A curious thing is happening this Sunday in churches across America.
For some, this curious thing is Pulpit Freedom Sunday. The day, promoted by the conservative group Alliance Defending Freedom for the fourth year, urges pastors to speak out in favor of candidates they support, defying IRS restrictions that forbid such political speech in religious nonprofits.
It’s generally a bad idea, and even most conservatives Christian pastors disagree with the ADF on this one. Yet there are still about 1,000 pastors who signed up for the ADF’s intiative, and, of course, Fox News personality Mike Huckabee has pledged his own support.
Meanwhile, in many mainline churches, the curious thing this Oct. 7 will not be Pulpit Freedom Sunday, but World Communion Sunday. In these churches, the day’s worship will not be centered on one man (because it is almost always a man who enjoy freedom to speak in a pulpit in most churches) at the podium, but on the body of Christ around the world feasting at a communal table.
The difference in how this Sunday will be marked seems instructive, symbolic even. In one, the focus rests on the importance of freedom and of an individual speaking out, fist pounding with righteous fury about a fleeting moment in one country’s political history. In the other, the focus will be on men, women, children, rich, poor, gays, lesbians, Africans, Asians, Australians, Eurpoeans, and Americans, coming to a shared table with thanksgiving and solidarity, palms outstretched receiving a piece of bread, a sip of wine, eternal life.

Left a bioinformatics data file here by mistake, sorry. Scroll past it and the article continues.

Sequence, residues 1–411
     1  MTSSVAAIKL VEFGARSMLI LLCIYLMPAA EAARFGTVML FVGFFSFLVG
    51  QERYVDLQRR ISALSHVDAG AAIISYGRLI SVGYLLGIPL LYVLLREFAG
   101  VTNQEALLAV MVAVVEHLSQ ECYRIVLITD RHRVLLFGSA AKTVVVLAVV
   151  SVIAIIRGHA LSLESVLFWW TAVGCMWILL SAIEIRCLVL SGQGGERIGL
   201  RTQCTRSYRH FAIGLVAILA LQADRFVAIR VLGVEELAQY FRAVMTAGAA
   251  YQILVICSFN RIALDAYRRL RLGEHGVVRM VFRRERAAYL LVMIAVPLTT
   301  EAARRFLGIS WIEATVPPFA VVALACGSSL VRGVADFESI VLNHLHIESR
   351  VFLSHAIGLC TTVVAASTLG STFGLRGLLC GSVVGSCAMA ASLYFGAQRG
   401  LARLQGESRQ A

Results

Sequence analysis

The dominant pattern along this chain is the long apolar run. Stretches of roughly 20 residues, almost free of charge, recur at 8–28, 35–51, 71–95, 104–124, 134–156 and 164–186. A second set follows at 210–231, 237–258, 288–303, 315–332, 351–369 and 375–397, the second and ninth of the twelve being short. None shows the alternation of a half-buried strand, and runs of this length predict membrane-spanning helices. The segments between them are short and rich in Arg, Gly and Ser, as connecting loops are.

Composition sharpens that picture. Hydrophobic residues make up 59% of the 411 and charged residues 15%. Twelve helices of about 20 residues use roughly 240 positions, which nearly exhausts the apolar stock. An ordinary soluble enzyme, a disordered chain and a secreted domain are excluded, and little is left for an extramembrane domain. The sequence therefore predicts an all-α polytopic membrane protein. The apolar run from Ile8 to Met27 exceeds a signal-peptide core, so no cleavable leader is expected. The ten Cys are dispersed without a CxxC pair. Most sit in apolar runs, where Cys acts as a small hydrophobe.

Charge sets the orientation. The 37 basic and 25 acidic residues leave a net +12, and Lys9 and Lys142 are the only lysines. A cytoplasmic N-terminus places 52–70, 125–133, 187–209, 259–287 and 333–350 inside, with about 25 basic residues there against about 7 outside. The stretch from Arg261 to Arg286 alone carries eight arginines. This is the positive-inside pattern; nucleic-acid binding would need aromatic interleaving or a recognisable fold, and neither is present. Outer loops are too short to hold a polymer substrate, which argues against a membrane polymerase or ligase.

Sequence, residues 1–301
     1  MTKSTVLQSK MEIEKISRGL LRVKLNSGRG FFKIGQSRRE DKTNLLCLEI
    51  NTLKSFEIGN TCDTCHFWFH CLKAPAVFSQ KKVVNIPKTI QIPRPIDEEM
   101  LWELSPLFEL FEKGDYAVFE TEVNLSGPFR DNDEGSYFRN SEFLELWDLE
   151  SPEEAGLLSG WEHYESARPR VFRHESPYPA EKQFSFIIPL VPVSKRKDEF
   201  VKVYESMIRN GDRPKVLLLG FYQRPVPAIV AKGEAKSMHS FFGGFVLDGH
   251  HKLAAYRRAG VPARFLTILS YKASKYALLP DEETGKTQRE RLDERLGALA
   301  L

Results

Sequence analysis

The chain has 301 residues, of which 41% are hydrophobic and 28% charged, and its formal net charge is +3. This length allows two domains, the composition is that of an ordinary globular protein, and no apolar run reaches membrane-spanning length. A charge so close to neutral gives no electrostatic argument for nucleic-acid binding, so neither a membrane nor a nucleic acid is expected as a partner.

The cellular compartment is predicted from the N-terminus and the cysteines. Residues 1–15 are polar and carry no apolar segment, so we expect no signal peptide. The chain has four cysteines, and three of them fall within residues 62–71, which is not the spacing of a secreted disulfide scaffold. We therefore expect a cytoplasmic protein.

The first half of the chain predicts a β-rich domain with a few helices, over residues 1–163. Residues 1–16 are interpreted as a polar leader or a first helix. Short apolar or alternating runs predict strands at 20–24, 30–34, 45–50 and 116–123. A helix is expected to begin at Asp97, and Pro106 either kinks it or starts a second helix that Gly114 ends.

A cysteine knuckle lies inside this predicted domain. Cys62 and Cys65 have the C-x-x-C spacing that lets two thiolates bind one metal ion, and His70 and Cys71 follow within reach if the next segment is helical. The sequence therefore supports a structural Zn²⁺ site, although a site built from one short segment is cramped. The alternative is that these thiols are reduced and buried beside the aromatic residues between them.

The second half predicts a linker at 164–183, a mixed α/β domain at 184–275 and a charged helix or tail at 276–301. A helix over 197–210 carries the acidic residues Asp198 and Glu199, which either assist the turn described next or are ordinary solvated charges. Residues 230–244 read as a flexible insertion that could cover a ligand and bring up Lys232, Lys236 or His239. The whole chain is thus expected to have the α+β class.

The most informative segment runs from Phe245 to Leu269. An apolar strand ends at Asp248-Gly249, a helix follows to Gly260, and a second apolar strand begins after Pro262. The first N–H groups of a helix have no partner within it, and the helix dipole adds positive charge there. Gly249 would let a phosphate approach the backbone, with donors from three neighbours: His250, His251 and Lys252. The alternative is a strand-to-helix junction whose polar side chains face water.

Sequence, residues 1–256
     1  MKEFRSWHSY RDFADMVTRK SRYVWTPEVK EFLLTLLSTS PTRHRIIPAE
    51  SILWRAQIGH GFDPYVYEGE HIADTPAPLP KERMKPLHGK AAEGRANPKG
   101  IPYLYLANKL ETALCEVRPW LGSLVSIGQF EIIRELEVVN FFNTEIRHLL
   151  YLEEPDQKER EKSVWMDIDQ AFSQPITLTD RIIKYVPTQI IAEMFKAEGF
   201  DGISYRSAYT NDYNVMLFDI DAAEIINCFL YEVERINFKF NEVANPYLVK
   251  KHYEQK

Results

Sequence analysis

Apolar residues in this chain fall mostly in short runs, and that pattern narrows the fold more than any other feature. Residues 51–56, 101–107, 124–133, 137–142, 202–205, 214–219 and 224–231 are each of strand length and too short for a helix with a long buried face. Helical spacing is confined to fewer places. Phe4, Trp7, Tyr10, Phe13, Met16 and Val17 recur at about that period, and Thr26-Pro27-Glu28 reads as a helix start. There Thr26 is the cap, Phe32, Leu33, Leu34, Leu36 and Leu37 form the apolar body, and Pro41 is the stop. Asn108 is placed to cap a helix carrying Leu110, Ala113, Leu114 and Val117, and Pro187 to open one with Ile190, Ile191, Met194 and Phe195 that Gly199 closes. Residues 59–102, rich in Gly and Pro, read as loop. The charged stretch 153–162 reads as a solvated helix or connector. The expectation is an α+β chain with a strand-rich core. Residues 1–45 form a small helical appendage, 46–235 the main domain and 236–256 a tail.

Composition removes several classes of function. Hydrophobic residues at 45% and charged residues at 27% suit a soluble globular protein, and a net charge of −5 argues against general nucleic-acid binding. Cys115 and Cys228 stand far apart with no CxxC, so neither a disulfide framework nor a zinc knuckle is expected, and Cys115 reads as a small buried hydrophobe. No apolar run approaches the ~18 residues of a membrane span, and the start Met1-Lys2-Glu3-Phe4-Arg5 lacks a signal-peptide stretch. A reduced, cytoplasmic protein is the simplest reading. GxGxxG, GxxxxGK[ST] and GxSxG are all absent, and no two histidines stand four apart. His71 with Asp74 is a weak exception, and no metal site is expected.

One reduces Sunday to a politically engineered farce that celebrates American nationalism and elevates the individual above all else. The other expands Sunday to include a global village that transcends partisan politics, celebrates a global community of God and elevates the host,* not the individual.
It is a sobering reminder as the country enters the homestretch of the presidential campaign and prepares to watch its two candidates debate for the first time. It is not to say that the debates and the election are not important or that people of faith shouldn’t be involved in the political process as activists motivated by their religious convictions. We should! Rather, World Communion Day, at least when juxtaposed against the competing Pulpit Freedom Sunday, reminds us that at the end of the day, the reign of God isn’t coming with a president or a political party or a pulpit pronouncement.
Instead, it’s already here.
Even in those celebrating Pulpit Freedom Sunday.
* I know, I know. Not all of us elevate the host. See: Reformation. But it was too good of a rhetorical flourish to edit out, and every now and then, it’s true, my Anglicanism shows.